Achieving sustained behavior change takes a long time. I mean, hell, we’re still running ads about buckling seat-belts and most states made it a law 35 years ago! Beyond achieving behavior change, seeing the positive impact of said change on species, habitats and ecosystems can take even longer. So how can we balance these longer term goals with the need to show more immediate outcomes?
Schwartz has spent much of his career emphasising the shared, universal nature of values and in one paper with Anat Bardi, he demonstrates that Benevolence, Universalism and Self-direction values are consistently rated most important to most people across different cultures. The answers he has just given map pretty neatly onto Self-direction and Benevolence (see Figure 1). Figure 1: Value structure across 68 countries – Public Interest Research Centre (2011) based on Schwartz (1992) The Schwartz model shows that values have neighbours and opposites, that values close together (e.g. Humble, Honest) tend to have similar importance to people, that values far away (e.g. Equality, Social Power) act more like a seesaw – as one rises in importance, the other falls. When you add to this that values connect to behaviour (that Universalism and Benevolence are associated with cooperation, sustainable behaviour, civic engagement and acceptance of diversity – that Achievement and Power are most emphatically not), and that values can be engaged, you have more than a model: you have an imperative for all the activists and campaigners scrabbling around for the messages and tactics that are going to change the world.
I propose a four-stage model below that balances an understanding that each part is essential with the need to break it down into units of work that can be spread across internal teams and external vendors when necessary. But be warned: each handoff increases the potential for loss, particularly when there is an incomplete understanding of the adjoining stages. A tightly integrated process managed by people who understand the end-to-end process will always have the greatest likelihood of creating meaningful behavior change; that we can name the parts should not detract from the need for a whole. Behavioral Strategy: the defining of a desired behavioral outcome, with population, motivation, limitations, behavior, and measurement all clearly demarcated. Plain version: figuring out what “works” and “worth doing” mean in behavioral terms by collaborating with stakeholders. Behavioral Insights: the discovery of observations about the pressures that create current behaviors, both quantitative and qualitative. Plain version: figure out why people would want to do the behavior and why they aren’t already by talking to them individually and observing their behavior at scale. Behavioral Design: the design of proposed interventions, based on behavioral insights, that may create the pre-defined behavioral outcome. Plain version: design products, processes, etc. to make the behavior more likely. Behavioral Impact Evaluation: the piloting (often but not always using randomized controlled trials) of behavioral interventions to evaluate to what extent they modify the existing rates of the pre-defined behavioral outcomes. Plain version: figure out whether the products, processes, etc. actually make the behavior more likely. Behavioral Science: combining all four of those processes. Plain version: behavior as an outcome, science as a process.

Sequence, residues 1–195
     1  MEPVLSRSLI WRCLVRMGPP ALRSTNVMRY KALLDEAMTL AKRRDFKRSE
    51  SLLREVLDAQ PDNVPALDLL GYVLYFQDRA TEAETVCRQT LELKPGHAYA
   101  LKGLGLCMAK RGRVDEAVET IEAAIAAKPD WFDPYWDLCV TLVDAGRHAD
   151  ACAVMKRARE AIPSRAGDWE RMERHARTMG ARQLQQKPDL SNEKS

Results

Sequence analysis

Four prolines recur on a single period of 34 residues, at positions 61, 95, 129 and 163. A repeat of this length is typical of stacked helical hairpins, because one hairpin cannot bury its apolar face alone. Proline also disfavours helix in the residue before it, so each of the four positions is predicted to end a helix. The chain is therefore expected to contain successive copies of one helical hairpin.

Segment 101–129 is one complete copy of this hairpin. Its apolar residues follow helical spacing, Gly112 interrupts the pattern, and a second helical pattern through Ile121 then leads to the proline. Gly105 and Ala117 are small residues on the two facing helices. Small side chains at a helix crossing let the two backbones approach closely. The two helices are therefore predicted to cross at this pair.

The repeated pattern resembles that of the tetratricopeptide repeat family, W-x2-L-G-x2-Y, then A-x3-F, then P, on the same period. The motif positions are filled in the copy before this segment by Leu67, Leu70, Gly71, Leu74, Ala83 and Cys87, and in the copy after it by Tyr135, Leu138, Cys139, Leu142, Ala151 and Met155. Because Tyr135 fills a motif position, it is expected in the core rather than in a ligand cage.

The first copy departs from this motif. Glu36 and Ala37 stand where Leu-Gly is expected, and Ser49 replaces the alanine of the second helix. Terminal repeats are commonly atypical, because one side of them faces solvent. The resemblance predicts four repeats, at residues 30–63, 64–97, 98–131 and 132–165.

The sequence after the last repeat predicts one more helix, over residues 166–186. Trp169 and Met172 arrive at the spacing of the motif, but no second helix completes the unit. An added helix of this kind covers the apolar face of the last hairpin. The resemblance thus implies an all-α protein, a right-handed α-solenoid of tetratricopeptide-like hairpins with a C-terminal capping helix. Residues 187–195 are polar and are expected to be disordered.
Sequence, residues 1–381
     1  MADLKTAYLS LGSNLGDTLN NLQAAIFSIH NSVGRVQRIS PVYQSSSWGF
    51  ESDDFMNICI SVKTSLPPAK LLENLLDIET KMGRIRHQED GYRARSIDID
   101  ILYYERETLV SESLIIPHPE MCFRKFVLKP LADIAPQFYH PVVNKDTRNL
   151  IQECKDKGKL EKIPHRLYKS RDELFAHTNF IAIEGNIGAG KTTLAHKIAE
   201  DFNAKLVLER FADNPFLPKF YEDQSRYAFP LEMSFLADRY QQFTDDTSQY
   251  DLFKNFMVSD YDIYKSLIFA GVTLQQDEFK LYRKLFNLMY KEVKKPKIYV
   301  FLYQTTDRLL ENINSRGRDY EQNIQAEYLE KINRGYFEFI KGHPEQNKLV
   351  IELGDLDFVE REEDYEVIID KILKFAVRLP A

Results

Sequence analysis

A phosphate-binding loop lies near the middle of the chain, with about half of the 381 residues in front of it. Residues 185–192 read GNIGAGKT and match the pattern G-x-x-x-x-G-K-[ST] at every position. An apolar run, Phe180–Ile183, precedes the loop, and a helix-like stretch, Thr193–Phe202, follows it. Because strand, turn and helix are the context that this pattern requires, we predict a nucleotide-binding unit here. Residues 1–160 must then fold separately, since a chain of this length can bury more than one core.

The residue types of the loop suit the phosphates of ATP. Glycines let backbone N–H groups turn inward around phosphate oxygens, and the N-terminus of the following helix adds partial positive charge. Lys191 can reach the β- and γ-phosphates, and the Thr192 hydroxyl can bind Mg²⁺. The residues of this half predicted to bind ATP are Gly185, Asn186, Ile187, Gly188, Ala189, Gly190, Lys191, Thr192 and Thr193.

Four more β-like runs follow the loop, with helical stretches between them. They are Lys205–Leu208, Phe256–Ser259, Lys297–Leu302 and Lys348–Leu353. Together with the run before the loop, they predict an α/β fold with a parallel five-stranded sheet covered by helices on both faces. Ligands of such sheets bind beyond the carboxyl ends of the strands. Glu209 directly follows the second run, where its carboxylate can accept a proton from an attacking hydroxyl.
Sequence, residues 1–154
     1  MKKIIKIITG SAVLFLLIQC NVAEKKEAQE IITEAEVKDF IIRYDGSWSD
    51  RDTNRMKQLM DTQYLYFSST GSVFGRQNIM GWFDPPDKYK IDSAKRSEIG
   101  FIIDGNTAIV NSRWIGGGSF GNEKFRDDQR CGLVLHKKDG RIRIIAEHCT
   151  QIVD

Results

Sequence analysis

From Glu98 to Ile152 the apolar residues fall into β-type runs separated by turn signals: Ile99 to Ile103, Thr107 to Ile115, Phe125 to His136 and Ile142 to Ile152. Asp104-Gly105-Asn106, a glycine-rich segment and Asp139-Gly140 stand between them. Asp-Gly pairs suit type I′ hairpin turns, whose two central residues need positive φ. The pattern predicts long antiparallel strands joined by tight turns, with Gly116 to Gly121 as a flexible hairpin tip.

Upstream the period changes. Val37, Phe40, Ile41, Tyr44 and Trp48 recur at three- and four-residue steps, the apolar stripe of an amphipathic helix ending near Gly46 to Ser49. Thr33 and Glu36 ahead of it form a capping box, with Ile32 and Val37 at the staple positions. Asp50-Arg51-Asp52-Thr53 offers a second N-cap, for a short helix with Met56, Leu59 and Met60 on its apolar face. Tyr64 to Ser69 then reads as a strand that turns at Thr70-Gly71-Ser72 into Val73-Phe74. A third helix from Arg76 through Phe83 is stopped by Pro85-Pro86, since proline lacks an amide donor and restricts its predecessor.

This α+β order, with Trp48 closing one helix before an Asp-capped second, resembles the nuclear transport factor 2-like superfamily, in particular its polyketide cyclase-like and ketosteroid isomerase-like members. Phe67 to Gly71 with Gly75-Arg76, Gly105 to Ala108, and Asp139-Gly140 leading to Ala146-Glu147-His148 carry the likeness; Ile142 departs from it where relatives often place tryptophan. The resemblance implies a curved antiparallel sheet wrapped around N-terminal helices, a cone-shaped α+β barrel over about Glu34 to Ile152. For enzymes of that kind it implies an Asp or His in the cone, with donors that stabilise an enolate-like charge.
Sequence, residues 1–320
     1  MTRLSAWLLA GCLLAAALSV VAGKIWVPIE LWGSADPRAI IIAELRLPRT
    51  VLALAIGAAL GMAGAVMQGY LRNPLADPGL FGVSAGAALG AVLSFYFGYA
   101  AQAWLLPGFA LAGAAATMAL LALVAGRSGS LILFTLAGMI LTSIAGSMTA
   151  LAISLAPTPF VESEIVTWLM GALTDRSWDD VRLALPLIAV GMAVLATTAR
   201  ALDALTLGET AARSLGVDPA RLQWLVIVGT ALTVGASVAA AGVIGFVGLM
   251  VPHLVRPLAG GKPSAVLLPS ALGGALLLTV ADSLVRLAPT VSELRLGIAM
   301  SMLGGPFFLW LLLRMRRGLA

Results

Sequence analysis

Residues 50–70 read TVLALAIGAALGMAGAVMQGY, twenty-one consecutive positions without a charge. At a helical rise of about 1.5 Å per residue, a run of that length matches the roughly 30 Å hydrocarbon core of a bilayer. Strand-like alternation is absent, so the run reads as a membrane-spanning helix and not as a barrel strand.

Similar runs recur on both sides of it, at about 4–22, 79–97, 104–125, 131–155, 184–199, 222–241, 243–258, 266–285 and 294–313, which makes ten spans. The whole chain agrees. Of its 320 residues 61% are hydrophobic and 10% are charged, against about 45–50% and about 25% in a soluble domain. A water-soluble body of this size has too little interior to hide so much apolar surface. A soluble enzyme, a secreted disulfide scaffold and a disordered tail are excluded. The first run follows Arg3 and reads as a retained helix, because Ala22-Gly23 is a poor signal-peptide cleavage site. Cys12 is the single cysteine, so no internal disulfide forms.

To solve problems and suggest solutions on behalf of others is to have power. As a result, we behavioral scientists have a heightened responsibility: Being in this privileged position requires recognizing when and where assumptions about “what good looks like” might creep in. When we design interventions—even just determining what options are available, or what the default choice should be—we shape other peoples’ experiences in ways we may not always fully appreciate. And our decisions to address certain problems while leaving others aside implicitly declares what challenges, and audiences, we think are worthy of receiving attention.